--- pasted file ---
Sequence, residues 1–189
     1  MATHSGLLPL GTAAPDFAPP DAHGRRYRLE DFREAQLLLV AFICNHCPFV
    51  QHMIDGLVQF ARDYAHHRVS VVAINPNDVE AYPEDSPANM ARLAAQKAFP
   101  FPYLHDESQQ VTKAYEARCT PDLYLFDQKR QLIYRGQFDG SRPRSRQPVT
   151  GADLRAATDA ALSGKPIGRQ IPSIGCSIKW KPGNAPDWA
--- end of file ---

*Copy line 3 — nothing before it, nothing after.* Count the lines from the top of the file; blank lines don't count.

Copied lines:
    51  QHMIDGLVQF ARDYAHHRVS VVAINPNDVE AYPEDSPANM ARLAAQKAFP